There are, of course, a range of non-experimental designs that are used productively in evaluation. These range from case studies to observational studies, and rely on a variety of methods, largely qualitative, including phone and in-person interviews, focus groups, surveys, and document reviews. (See this page for a brief table comparing the characteristics of qualitative and quantitative methods of research. See also the National Science Foundation’s very helpful, “Overview of Qualitative Methods and Analytic Techniques”) Qualitative evaluation studies can be very effective, and are often used in a mixed methods approach to evaluation work.
In July, we posted a blog post titled, “Humans Need Not Apply: What Happens When There’s No More Work?”As we mentioned in that post, the rise of artificial intelligence, machine learning, and robotics, have increasingly ominous implications for the future of work and employment. In a recent New York Times article, “The Long-Term Jobs Killer Is Not China. It’s Automation,” Claire Caine Miller traces the effects of automation on those who have been employed in America’s once preeminent industries—steel, coal, newspapers, etc. She observes that it is neither immigration nor globalization that threatens American workers; it’s automation. Referring to the recent 2016 political campaigns Caine Miller notes, “No candidate talked much about automation on the campaign trail. Technology is not as convenient a villain as China or Mexico, there is no clear way to stop it, and many of the technology companies are in the United States and benefit the country in many ways.” She quotes one study that shows that roughly 13 percent of manufacturing job losses are due to trade, and the rest are due to enhanced productivity attributable to automation.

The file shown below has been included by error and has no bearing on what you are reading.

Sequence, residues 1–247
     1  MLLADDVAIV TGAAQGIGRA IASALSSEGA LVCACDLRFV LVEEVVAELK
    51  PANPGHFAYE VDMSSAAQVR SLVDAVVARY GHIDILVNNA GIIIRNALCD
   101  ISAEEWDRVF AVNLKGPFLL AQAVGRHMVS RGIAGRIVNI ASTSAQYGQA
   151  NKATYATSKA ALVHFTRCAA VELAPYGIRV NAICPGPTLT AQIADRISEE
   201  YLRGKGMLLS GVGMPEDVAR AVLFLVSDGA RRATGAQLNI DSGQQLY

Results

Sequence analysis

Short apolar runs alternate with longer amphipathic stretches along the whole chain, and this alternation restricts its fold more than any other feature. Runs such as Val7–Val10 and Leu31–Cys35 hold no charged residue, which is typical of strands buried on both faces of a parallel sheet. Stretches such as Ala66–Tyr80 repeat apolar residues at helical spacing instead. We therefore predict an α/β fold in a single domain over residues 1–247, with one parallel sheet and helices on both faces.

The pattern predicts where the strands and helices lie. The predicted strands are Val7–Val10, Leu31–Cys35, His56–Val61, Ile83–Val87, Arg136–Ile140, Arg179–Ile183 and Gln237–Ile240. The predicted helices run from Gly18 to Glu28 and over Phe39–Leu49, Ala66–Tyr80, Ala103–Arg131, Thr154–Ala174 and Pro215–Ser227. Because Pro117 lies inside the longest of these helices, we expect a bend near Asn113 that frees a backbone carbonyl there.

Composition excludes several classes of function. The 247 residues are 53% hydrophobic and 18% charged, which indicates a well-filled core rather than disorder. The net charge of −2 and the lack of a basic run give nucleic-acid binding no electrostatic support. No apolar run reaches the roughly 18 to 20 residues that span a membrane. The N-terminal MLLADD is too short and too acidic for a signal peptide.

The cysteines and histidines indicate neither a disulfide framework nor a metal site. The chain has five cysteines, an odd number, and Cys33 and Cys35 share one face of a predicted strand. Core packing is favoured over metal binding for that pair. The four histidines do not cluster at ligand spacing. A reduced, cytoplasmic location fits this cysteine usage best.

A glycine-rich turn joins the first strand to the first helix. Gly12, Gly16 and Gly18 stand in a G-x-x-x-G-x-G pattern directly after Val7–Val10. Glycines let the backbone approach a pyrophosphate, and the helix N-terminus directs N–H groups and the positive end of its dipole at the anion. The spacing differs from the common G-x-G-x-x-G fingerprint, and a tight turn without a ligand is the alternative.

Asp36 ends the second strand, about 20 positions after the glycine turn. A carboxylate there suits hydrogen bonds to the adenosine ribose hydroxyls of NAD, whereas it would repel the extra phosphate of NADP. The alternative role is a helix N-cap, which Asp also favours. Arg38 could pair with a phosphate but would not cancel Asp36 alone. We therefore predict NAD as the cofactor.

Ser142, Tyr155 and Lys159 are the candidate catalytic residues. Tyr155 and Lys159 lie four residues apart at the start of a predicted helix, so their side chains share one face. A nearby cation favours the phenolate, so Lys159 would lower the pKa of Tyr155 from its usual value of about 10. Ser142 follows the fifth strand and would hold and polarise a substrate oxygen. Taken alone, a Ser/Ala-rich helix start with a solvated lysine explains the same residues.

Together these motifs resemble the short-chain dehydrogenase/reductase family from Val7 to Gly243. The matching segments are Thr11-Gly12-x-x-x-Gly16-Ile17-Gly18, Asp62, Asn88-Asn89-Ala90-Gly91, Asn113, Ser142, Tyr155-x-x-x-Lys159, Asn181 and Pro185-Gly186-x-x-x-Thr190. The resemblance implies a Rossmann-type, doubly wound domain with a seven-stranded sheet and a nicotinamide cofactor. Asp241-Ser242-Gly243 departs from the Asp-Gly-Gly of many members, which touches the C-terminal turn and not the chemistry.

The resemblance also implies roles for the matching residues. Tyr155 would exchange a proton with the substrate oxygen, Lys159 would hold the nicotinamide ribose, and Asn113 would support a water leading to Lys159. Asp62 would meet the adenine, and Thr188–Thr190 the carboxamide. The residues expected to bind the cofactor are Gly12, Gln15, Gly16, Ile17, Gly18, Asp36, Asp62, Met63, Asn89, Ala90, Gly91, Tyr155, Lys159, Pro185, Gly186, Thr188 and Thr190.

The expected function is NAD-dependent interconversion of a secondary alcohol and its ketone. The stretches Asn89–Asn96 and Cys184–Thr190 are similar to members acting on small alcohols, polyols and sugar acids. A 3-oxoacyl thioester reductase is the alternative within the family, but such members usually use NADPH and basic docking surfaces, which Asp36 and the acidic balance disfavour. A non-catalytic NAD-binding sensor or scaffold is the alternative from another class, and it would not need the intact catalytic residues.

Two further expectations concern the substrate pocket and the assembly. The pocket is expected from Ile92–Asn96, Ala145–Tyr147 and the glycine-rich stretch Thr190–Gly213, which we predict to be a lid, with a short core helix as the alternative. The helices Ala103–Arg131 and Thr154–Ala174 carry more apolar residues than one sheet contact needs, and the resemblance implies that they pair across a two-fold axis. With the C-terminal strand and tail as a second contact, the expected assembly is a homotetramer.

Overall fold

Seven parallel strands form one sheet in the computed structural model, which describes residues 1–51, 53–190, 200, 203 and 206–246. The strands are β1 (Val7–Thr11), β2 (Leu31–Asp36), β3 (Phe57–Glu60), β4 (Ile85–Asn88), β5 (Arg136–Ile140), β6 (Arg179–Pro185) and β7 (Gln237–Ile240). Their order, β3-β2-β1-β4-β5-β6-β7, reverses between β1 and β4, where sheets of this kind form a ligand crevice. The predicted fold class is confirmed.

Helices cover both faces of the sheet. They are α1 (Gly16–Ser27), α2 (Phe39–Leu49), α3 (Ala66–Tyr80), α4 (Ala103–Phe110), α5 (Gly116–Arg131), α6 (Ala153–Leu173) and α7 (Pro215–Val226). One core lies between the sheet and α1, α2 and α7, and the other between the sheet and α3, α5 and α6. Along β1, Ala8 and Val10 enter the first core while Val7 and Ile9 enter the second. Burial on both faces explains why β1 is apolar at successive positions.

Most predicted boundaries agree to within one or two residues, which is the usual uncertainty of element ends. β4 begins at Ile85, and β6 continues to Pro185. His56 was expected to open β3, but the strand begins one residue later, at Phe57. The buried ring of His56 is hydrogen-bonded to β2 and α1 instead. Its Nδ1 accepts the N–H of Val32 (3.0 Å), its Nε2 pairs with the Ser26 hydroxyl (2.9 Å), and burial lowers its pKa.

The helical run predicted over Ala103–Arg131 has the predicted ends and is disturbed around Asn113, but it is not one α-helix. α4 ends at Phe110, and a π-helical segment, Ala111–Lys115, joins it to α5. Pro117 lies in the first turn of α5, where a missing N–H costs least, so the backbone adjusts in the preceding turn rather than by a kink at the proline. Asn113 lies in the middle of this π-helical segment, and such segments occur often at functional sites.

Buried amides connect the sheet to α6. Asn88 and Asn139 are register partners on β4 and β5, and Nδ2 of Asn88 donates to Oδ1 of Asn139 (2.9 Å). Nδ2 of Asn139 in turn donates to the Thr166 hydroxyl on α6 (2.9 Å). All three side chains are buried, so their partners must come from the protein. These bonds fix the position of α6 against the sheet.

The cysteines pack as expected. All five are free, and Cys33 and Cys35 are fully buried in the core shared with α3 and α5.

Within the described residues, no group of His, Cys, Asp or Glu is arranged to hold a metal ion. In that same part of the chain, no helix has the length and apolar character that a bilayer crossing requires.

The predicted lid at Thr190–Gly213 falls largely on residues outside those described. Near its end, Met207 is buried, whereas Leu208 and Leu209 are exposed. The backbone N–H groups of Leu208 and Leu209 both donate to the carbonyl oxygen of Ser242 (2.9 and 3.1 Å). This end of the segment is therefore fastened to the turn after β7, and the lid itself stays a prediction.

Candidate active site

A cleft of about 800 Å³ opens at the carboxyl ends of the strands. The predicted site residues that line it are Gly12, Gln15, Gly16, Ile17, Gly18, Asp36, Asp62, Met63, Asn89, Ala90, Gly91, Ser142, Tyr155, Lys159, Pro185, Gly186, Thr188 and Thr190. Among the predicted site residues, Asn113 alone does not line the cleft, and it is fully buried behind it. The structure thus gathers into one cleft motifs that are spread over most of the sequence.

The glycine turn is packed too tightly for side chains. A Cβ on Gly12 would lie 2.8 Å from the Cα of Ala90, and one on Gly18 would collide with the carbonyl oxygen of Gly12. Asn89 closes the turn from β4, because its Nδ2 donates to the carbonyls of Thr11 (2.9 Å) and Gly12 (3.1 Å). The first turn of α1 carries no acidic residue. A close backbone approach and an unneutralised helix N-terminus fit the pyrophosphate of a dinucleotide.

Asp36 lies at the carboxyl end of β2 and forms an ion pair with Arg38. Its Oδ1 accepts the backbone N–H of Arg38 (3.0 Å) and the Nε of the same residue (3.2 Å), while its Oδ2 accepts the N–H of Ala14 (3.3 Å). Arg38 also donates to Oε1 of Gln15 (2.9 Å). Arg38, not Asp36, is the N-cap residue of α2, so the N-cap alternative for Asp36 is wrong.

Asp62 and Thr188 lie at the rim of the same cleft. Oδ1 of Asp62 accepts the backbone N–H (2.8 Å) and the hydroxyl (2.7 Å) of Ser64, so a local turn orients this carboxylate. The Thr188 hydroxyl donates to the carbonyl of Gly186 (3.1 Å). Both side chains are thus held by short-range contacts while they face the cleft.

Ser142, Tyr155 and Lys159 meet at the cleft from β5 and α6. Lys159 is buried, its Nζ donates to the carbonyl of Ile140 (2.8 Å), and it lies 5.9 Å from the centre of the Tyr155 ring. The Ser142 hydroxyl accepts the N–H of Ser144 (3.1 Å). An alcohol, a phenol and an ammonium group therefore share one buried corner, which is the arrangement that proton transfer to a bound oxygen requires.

In another article, “Evidence That Robots Are Winning the Race for American Jobs,” Caine Miller writes, “The industry most affected by automation is manufacturing. For every robot per thousand workers, up to six workers lost their jobs and wages fell by as much as three-fourths of a percent, according to a new paper by the economists, Daron Acemoglu of M.I.T. and Pascual Restrepo of Boston University.” In “How to Make America’s Robots Great Again” Farhad Manjoo, (New York Times, January 25, 2017) states, “Thanks to automation, we now make 85 percent more goods than we did in 1987, but with only two-thirds the number of workers.”
Manufacturing however, is not the only area where AI and robots threaten to displace human employees. In “A Robot May Be Training to Do Your Job. Don’t Panic,” Alexandra Levit argues that automation in the form of “social robotics,’ affective computing, and emotional awareness software, are now making inroads into the helping/caring professions, like nursing. Levit writes, “Eventually, the moment will come when machines possess empathy, the ability to innovate and other traits we perceive as uniquely human. What then? How will we sustain our own career relevance?”
In “Actors, teachers, therapists – think your job is safe from artificial intelligence? Think again,” Dan Tynan writes, “A January, 2017 report from the McKinsey Global Institute estimated that roughly half of today’s work activities could be automated by 2055, (give or take 20 years.)…Thanks to advances in artificial intelligence, natural language processing, and inexpensive computing power, jobs that once weren’t considered good candidates for automation suddenly are.”